To achieve these goals the community has set itself a high target seeking to enhance the nine mangroves species found in Kenya and which also happen to thrive in Gazi Bay. To attain these targets the community has committed to avoid deforestation and protection. “The community runs the show right from planting all the way to protection.” Mwamba says. “The entire community is involved, this means the whole family is involved. From schools all the way to the homes. There has been a complete mind shift in our community regarding mangroves. We have employed scouts and through carbon credits we are seeking to address extreme problems first. Water and education have been critical. The community knows that it owns the mangroves.”
Village barazas (meetings) decides the priority projects. According to Shufa all key decisions are made with the full participation of the community in mind and for the benefit of the community.
“For the last three years more than 70 per cent of houses in these villages have been connected to water courtesy of Mikoko Pamoja.” Shuffa says. “In Makongeni we have increased water points which are heavily subsidised. We have created job opportunities for most of the villagers and even our fishermen have plentiful fish right here dure to the ecosystem support accorded by mangroves.”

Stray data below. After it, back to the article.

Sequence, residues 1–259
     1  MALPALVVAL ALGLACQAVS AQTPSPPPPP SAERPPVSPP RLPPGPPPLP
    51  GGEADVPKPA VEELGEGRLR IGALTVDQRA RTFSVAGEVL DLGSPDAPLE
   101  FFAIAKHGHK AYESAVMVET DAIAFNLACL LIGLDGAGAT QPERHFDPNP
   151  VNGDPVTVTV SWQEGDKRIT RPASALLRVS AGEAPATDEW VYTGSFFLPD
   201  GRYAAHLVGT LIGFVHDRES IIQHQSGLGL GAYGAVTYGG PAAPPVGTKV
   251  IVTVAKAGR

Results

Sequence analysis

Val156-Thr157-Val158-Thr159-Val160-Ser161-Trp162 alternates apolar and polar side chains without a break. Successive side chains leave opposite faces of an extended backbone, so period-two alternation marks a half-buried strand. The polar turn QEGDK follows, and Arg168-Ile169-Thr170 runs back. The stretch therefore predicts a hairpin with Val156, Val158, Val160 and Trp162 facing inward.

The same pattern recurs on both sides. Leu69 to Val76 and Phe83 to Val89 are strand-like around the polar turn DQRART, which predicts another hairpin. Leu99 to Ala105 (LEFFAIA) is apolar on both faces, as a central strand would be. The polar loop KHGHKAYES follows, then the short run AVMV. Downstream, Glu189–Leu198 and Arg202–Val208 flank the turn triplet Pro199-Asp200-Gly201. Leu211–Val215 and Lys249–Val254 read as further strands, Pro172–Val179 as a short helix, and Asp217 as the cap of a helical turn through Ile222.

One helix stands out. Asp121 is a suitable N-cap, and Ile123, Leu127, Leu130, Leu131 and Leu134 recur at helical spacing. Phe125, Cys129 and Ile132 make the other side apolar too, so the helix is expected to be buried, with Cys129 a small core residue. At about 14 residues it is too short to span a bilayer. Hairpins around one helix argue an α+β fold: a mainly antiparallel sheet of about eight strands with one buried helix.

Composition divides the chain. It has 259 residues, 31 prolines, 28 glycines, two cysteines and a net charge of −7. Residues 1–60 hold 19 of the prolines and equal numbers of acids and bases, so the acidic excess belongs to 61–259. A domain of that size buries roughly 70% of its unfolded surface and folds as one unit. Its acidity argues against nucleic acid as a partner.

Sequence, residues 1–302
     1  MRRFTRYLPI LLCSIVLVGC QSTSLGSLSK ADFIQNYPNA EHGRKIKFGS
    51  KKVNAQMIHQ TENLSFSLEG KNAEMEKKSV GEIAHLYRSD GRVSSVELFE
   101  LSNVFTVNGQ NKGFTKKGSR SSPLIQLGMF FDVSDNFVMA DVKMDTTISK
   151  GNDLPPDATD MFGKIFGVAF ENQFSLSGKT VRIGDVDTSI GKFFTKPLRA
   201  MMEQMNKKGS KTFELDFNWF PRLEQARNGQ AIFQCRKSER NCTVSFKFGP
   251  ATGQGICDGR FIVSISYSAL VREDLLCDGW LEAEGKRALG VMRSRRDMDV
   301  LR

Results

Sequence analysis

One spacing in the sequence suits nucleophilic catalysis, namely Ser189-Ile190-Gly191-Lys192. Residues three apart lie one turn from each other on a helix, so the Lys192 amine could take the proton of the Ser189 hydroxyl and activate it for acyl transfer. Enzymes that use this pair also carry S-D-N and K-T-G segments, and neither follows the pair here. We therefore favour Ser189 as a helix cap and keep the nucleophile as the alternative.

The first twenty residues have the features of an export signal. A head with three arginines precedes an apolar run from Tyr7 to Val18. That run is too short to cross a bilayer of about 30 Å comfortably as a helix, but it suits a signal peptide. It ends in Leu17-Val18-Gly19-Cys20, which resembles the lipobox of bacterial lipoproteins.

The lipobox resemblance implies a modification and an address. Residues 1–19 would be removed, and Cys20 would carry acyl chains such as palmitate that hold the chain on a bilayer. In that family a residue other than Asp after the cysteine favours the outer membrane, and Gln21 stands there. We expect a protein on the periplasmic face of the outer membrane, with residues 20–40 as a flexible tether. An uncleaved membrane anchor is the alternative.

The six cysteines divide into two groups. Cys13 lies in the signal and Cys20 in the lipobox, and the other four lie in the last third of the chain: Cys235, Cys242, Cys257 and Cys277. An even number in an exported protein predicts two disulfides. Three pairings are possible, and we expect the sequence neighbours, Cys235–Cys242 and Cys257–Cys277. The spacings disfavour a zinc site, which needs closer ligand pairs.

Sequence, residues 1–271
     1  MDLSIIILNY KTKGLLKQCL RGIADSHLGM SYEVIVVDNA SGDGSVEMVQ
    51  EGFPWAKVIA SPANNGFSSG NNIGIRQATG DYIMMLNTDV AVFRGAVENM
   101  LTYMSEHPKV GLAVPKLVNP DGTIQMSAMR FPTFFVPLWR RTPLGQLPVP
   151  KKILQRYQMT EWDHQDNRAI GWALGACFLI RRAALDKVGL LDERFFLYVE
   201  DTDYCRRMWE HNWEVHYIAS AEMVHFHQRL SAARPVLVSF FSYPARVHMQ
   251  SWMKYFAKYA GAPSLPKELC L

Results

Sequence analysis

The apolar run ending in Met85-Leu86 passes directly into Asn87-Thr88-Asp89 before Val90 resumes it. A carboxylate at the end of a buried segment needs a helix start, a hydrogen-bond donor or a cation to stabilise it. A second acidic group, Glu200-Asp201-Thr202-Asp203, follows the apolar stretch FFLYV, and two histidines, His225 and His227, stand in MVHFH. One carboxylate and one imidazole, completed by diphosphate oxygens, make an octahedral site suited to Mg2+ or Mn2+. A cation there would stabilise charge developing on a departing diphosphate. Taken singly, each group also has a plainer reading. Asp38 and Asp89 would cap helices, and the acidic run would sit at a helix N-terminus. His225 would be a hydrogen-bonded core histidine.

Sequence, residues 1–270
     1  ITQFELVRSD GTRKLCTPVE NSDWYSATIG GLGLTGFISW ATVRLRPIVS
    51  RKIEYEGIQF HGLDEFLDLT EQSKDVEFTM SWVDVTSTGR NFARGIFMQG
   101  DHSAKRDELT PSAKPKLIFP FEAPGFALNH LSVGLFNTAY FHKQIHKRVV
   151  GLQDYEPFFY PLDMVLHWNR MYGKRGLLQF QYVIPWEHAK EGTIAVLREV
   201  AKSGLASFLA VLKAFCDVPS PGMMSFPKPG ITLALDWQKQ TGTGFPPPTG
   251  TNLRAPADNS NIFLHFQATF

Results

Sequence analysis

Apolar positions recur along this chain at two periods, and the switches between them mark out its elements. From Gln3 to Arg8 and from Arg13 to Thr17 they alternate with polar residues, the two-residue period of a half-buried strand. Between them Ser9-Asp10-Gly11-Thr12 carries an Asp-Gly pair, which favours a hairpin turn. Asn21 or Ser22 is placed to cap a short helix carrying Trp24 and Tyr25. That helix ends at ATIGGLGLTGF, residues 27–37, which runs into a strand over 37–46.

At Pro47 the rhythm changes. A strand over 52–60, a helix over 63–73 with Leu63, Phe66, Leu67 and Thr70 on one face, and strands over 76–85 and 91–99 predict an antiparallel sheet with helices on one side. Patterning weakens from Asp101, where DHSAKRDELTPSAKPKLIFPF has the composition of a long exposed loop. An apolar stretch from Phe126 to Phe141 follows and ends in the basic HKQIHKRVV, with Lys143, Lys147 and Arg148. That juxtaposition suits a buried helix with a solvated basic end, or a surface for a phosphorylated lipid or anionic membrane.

To achieve all these was not easy. Shuffa and Mwamba confirm this. “It took months of consultations to convince community members that the project was for their good.” Shuffa says. “Remember most of the community’s needs are based on mangroves. It is a hardy tree in building anything and the firewood lasts longer, so to convince them to change was not an easy task. That is how we came up with the casuarinas trees as an alternative.”
The casuarinas tree wood lot is already thriving at the local primary school as the mangroves forest increases in size.
“I have piped water in my house due to mangroves.” Shuffa says with a grin. “It is the same thing for all the houses in our village and even in our school.”
Incidentally two similar stories to that of Gazi were to unfold in the deltas of River Zambezi in Mozambique and Rufiji in Tanzania. However they are yet to be rolled out. Similar community led mangrove related carbon sinks were to be established in these three countries. Only Gazi stands up. Mozambican coastal development analyst Bob Gumbe notes that consultations are still on-going with communities even though all formalities have been met. It is the same in the Rufiji Delta. A resident of Rufiji, Richard Mtika concurs that consultations with Rufiji Delta communities is vital as the whole carbon capture is premised on community conservation.
Plans to have the Gazi model in the Rufiji and Zambezi Deltas are still being explored
“The interplay of academia, donors, government and grassroots support is working in Gazi.” Mwamba says.